1. Major armed conflicts
In 1998 there were 27 major armed conflicts in 26 locations throughout the world. Both the number of major armed conflicts and the number of conflict locations were higher than the previous year (in 1997 there were 25 major armed conflicts in 24 locations). However, both figures for 1998 are lower than those for 1989. The rise in the number of conflicts and locations in 1998 is accounted for by the conflicts on the continent of Africa.
All but two of the conflicts in 1998 were internal - that is, the issue concerned control over the government or territory of one state. The two interstate conflicts in 1998 were those between India and Pakistan and between Eritrea and Ethiopia.
In at least six of the conflicts the intensity of the fighting in 1998 increased to a higher level than in the previous year. Thirteen of the major armed conflicts in 1998 incurred at least 1000 deaths during the year - Afghanistan, Algeria, Angola, Burundi, Colombia, the Democratic Republic of Congo, Eritrea-Ethiopia, Guinea-Bissau, Rwanda, Sierra Leone, Sri Lanka, Sudan and Yugoslavia (Serbia and Montenegro).
A root cause of the conflicts in Africa is to be found in the weakness of many of its states, which became especially obvious after the cold war. Corruption, lack of efficient administration, poor infrastructure and weak national coherence make governance both difficult and costly. The combination of weak states and rich natural resources in Africa has resulted in a dangerous structural environment fuelling conflicts. Natural resources have become a cause for war as well as a necessary source of wealth for keeping the conflicts going. In several parts of sub-Saharan Africa semi-political actors are fighting for the control of natural resources without any wider political ambitions.
1A. Major armed conflicts, 1998
MARGARETA SOLLENBERG STAFFAN ÅNGMAN, YVLA BLONDEL, ANN-SOFI JAKOBSSON AND ANDRÉS JATO
Appendix 1A presents data on the major armed conflicts of 1998.
Appendix 1B. The Kashmir conflict
The conflict in the Indian state of Jammu and Kashmir continues despite attempts over the past three years to revitalize democratic institutions. The 1990s has been a decade of violence for Kashmir during which the relationship between India and Pakistan has remained volatile. Although the levels of violence have varied greatly from year to year, fighting has been continuous since 1989. In 1998 no political or diplomatic solutions to the conflict were in sight and both separatist-related violence and cross-border firing increased. Estimates of the number of lives claimed by the conflict in Jammu and Kashmir, including civilians, military personnel, border security forces and separatists, vary greatly. Some of the observations that might be described as comparatively neutral suggest around 25 000 casualties between 1989 and 1996.
The nuclear tests worsened the relationship between India and Pakistan and were followed by a drastic increase in firing across the Line of Control and an escalation of violence in Jammu and Kashmir. If the attempt to reinstall democratic institutions had some effects in decreasing tension in Jammu and Kashmir in 1996 and 1997, all such processes were reversed in 1998. The separatist movement, although internally divided, continues its war against the Indian Union.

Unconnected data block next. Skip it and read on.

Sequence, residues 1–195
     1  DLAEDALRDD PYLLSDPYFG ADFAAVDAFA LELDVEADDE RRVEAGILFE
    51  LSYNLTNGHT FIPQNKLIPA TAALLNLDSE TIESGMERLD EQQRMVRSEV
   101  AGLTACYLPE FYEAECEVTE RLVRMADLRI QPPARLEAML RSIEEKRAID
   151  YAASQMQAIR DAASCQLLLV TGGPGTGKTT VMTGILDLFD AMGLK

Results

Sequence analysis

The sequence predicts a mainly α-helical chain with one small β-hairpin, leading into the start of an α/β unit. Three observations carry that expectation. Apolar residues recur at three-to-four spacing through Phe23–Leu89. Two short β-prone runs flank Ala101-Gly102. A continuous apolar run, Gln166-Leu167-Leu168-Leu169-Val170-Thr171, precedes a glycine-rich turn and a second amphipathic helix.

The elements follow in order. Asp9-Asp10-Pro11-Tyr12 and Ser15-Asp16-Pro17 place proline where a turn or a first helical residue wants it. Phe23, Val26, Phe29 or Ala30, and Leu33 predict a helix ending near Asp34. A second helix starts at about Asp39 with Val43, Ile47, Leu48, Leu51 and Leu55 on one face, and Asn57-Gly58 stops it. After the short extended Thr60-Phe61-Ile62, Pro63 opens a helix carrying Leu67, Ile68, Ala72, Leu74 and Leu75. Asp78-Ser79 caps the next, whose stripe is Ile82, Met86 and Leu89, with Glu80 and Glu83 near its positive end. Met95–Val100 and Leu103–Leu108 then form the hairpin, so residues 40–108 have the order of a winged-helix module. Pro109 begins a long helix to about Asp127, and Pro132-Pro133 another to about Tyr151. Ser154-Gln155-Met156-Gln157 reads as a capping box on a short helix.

Appendix 1C. The Kosovo conflict
During the entire first half of the 1990s, the Kosovar Albanians exercised non-violent resistance but were ignored by both Belgrade and the international community. In turning increasingly to violent resistance from 1996, the conflict acquired an international dimension, involving other countries and multilateral organizations. In 1998 the conflict escalated to full-fledged warfare between the Kosovo Liberation Army (KLA) and the Serbian Army and police forces. While both sides in the conflict included outside political factors in their calculations, the actual impact of the international community on the development of military events was modest. By the end of 1998 the long-term solutions to the Kosovo conflict favoured by the Serbian and the Kosovar Albanian sides were even more complex and difficult to reconcile than they were at the beginning of the year.
Appendix 1D. The Tajikistan conflict
Tensions and armed conflict were still prevalent in Tajikistan in 1998, in spite of an ongoing reconciliation process between the Tajik Government and the United Tajik Opposition (UTO). Several factors obstructed reconciliation in 1998. Most notable were the mounting inter-regional and inter-ethnic controversies. A rebellion in the Leninabad region of northern Tajikistan in November and the ensuing reactions of the government and the UTO signified a new emerging balance of forces. For the first time the government and the opposition were united in their efforts to suppress a 'third force'. The bilateral accommodation between the government and the UTO may promote peace and stability in the short term but could well become destabilizing in the medium term if the two partners continue to exclude the Leninabad region from a share of the power.